And this moves us to our next segment in which we deal with or talk about new lawsuits that have been filed across the country. And this actually arises out of events at a convalescent home in Atascadero.
Schenk: That’s what we decided how to pronounce it?
Smith: Yeah, Atascadero.
Schenk: Right, right, right. For the second time in a year, an Atascadero-based convalescent hospital has been accused of failing to properly care for one of its elderly patients resulting in death. According to the lawsuit that was filed in – what was that county?
Smith: San Luis Obispo.
Schenk: How do you say that again?
Smith: San Luis Obispo.
Schenk: So you’re doing kind of a French as well as a Spanish…
Smith: Is it San Luis?
Smith: Well I didn’t major in Spanish like you. You would think you could at least help us out on this avenue.
Schenk: Well you know you have the computer up. Anyways, so we have here, according to the lawsuit, the lawsuit was filed in San Luis Obispo County with the complaint alleging the staff was aware that an individual was susceptible to bedsores, but they utterly ignored that resident’s needs, causing her to develop painful and infected bedsores. The suit also claims the staff also ignored concerns from the family and her condition rapidly deteriorated. And as the condition worsened, the patient became psychotic and delusional and eventually had to be rushed to the hospital where she eventually died.
And this is not the first time. The lawsuit marks the second time this particular law firm has sued this convalescent home. In July, the law firm filed suit against the facility in connection with the death of Leo Paul Landry, an elderly man who suffered from dementia. According to the lawsuit, Landry was transferred to the facility in 2014 after hip surgery. He was prone to falls, but the lawsuit charged the staff disregard of the information and warnings from the family, and he fell several times during his stay. In April of that year, he developed pneumonia. His condition worsened, but instead of taking the appropriate medical steps, the lawsuit alleges the staff members injected Landry with morphine and he died shortly there after. So that’s two very avoidable catastrophes from one facility in the course of a year.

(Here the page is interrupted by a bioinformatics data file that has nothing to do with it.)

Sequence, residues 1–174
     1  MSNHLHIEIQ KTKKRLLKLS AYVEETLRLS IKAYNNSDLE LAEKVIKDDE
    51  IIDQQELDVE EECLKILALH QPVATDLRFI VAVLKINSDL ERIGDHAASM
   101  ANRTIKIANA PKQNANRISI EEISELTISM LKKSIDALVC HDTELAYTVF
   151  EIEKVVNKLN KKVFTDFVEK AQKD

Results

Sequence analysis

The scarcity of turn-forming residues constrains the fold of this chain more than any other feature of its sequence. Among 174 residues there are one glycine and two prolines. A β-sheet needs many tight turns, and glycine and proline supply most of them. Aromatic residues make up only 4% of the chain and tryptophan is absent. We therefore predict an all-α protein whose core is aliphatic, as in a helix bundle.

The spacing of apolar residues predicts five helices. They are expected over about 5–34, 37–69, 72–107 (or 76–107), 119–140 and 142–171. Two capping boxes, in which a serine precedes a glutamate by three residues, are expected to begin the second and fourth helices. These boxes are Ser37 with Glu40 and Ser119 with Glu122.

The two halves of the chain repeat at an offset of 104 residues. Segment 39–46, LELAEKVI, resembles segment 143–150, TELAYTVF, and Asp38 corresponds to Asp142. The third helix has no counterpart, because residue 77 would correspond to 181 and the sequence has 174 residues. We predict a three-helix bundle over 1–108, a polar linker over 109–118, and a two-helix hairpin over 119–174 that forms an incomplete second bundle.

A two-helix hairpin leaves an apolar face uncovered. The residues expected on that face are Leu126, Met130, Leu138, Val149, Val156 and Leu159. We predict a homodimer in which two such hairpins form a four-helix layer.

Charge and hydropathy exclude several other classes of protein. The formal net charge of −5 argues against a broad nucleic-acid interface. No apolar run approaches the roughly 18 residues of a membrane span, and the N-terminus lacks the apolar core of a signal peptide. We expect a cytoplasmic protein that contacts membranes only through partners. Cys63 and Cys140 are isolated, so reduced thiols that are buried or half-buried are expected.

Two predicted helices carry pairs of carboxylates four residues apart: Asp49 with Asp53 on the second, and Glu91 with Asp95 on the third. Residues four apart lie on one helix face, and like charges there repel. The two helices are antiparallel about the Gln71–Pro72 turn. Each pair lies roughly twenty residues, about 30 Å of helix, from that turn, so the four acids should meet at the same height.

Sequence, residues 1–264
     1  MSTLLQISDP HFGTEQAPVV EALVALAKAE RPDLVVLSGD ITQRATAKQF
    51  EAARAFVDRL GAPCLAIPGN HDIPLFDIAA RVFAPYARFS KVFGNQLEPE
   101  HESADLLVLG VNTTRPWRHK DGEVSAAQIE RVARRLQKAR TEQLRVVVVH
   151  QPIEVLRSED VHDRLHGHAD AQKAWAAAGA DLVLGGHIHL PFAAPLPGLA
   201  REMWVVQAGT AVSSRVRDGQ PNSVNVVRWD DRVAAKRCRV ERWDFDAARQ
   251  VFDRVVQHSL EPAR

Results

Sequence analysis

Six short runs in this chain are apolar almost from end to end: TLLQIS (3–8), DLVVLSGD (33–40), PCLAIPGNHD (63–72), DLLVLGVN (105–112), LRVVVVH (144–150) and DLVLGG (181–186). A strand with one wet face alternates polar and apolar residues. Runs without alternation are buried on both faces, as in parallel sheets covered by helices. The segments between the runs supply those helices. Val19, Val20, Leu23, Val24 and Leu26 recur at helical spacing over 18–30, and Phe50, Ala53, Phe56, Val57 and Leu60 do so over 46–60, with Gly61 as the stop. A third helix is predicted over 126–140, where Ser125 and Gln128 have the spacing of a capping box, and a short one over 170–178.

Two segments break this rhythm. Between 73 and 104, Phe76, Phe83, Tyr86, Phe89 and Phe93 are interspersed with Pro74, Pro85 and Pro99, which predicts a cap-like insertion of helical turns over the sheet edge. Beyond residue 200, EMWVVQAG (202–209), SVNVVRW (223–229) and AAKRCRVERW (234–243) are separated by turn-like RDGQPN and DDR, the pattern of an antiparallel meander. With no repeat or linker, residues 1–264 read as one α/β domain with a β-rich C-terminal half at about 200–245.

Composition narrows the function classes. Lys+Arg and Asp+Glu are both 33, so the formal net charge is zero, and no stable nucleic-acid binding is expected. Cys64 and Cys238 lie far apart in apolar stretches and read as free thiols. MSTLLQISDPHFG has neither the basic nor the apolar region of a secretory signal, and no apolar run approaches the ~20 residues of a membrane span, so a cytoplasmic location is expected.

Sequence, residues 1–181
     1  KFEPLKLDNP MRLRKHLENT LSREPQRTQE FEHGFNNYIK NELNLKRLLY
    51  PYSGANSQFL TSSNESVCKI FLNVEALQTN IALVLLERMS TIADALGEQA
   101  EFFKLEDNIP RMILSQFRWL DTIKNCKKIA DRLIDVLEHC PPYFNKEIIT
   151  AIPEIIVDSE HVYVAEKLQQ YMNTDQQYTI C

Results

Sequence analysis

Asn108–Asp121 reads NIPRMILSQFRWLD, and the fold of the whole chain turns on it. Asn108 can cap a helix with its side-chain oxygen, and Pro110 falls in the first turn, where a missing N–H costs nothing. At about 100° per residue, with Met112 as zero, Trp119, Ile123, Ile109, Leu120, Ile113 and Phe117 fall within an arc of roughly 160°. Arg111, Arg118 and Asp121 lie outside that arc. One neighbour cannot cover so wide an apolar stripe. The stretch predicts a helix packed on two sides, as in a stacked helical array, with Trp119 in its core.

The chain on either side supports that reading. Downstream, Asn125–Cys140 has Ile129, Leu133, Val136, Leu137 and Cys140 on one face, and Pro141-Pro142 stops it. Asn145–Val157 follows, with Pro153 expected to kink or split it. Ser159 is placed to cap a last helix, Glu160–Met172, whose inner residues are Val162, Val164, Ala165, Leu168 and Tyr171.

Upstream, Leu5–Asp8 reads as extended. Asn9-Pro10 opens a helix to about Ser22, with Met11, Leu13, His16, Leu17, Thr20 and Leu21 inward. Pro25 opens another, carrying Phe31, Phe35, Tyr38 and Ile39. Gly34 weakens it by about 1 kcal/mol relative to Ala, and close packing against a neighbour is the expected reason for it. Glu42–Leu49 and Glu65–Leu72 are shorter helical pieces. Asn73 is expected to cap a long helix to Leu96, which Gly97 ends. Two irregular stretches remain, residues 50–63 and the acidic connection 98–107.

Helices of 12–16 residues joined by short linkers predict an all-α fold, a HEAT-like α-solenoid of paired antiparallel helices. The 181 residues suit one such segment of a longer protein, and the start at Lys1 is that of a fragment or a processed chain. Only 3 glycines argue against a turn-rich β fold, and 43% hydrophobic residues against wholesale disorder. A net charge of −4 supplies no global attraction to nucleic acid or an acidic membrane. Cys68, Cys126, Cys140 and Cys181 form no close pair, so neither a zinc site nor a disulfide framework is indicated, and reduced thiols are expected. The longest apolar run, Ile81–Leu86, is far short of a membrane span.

Smith: Yeah, and even the physician for the first lady said he had seen these types of incidents way too often from these facilities.
Schenk: Yeah, I mean that’s a shame and we wish the attorney success. We wish the family well for those families that were affected by that particular place. I know we’ve talked about this over and over again in this podcast so far. I know we’re only a few episodes deep into this program, but bedsores are for the most part an avoidable problem that leads to serious injury and sometimes death, and it’s just a shame that this is happening this often across the country.
Smith: Yeah, it really is. It really is, and with our most vulnerable citizens too, again, like we’ve said before.
Schenk: And with regards to the second incident where morphine was administered, was that common when you were a CNA? Do you often see morphine administered by a staff?
Smith: Yeah, well all drugs are administered by the staff. It’s either a licensed practical nurse or a registered nurse. The question here, and the article doesn’t go into it, is whether or not he was prescribed that. If not, there’s a whole other issue there. My guess is that he probably was, he probably did have an as-need prescription for morphine, and what they did was they gave him the morphine to cover up his pain and he died from his injuries, he didn’t die from the morphine. But yeah, the staff are the ones that administer all medication.
Schenk: Now I think we have… If the language of the defense attorney is similar to the thoughts and feelings of the facility, then we’re going to have another case where you have a facility that’s going to be dinged by a jury for how they behave afterwards. So we have the defense attorney in this case was quoted as saying that between the first lawsuit that was filed, the language that was used in that lawsuit, was also used in this lawsuit, and they characterized it as a boilerplate language and a boilerplate claim, as in this law firm is basically just rehashing the same things over and over again. And I just don’t think that’s good.
Smith: No, because essentially they are because it is the same. They’re constantly making the same mistakes and committing the same negligence.